Assistive technology helps improve patients’ quality of life


Singleton works with physical therapists and adaptive technology at Methodist Rehabilitation Center.

Kaitlin Hollister
Oxford Stories

Cassandra Singleton has been using assistive technology since 2010, after an infection that left her paralyzed from the neck down with a damaged spinal cord.

Although doctors told her she would never regain ability to walk, she was determined to work hard and prove them wrong.

With the help of many physical therapists, countless braces, wheelchairs and other assistive devices to help her, Singleton is now able to walk on her with no other assistance but a small leg brace. She said the downside to assistive technology is the availability.

“It is very cost prohibitive and usually not covered by medical insurance,” she said.

Imagine needing assistance to carry out normal activities of daily living, such as typing a paper or even eating a meal.

This is a daily struggle for many like Singleton who live with disabilities. Fortunately, tasks that once seemed impossible can now be achieved thanks to adaptive devices, continuous advances in assistive technology, and those working to help improve the quality of life for those in need of such a service.

Heather Maloney completed her degree in physical therapy from the University of Mississippi Medical Center in 1995. Recently, she received her Assistive Technology Professional certification from the Rehabilitation Engineering and Assistive Technology Society of North America.


Maloney demonstrates the programming options on the lastest power wheelchair.

Maloney describes assistive technology “as any technology that can be used by someone with a disability to perform at their highest level of function.” She said “[assistive technology] gives [patients] quality of life by giving them access to a whole new environment. [By allowing] them to engage in the world to the fullest.”

Maloney has been employed by Methodist Rehabilitation Center in Jackson for the last 20 years, and she serves patients through MRC’s outpatient Assistive Technology Clinic in Flowood. Her goal is to help those who come to her improve and receive the highest quality of life possible.

Maloney helps patients find the best assistive technology products to suit his or her individual demands. The needs of those she works with may be as simple as a weighted spoon to make it easier for someone with Parkinson’s disease to eat or as complex as an elevated standing chair to help those suffering from paralysis return to work or school.

“One of the newest assistive technologies available is a power wheelchair that makes it possible to program the user’s most common seating positions,” Maloney said. “This power chair with programmable positions can tilt the patient forward or backward as needed, elevate the patient to a fully standing position, or raise the seat so the patient may be at eye level when communicating with friends or family.”

Maloney said this technology is a relatively new improvement, having been around for approximately a year, but it provides a level of independence for those with paralysis that might be otherwise unavailable.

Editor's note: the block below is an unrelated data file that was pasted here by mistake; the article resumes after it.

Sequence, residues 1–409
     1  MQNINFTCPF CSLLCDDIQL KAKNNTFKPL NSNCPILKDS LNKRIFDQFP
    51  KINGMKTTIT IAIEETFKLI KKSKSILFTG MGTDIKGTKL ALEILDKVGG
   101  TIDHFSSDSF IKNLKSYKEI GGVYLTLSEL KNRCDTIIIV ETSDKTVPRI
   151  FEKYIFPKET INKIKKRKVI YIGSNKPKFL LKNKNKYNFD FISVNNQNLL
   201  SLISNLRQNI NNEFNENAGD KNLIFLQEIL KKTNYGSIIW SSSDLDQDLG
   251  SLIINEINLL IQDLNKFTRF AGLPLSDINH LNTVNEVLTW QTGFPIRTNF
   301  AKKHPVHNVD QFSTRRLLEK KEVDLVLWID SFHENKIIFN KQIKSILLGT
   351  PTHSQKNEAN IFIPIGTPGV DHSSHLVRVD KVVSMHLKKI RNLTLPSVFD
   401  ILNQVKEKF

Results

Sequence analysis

Advancements such as this make it more efficient for the chair operator to do things, such as getting in the car to drive and completing household chores.

However, some patients are unable to control their chairs with their arms or hands. Fortunately, for those patients with limited arm or hand function, Maloney said chin controls or breath controls are available for power chairs, and come in a wide variety of options to best fit their individual requirements.


Maloney shows examples of different hand control options available for power wheel chairs.

A power chair is not the only option available for those with limited mobility. Many people who need a wheelchair prefer to continue using a manual chair, or they may not have the ability to purchase a power chair. In such instances, Maloney said Smart Drive is another viable option.

Maloney said Smart Drive is an easy to install attachment that gives extra speed to a manual wheelchair, while making long journeys easier. The motor is attached to the axle under the chair and is controlled through a bracelet worn by the user.

With the bracelet, Maloney said the operator is able to adjust the sensitivity of commands and control how fast or slow they want to go. Once attached to the chair, a patient is able to turn on and start Smart Drive by double tapping the bracelet’s screen with their finger, their leg or various other means.

Maloney said “the bracelets are similar to a fitbit and are even capable of letting the patient know how far they have gone.”

Singleton said without those like Maloney who care about their patients and adaptive devices, like her braces, she would not have progressed as far as she has. She appreciates the commitment Maloney and MRC give patients.

With impressive technology available, it is easy to wonder how much the equipment costs, and if it is affordable for patients who need them. Maloney said “high-end equipment is pricey.” Power chairs are priced on the low end at around $18,000 and on the higher end at $40,000. Insurance may or may not cover the costs of necessary assistive technology.

There are a few other options available to make adaptive devices more affordable for those in need. Programs like Mississippi Proalysis, Independent Living, Mississippi Vocational Rehabilitation Services, and others provide financial assistance to those who could not otherwise afford the equipment required for daily living to help them regain their independence.

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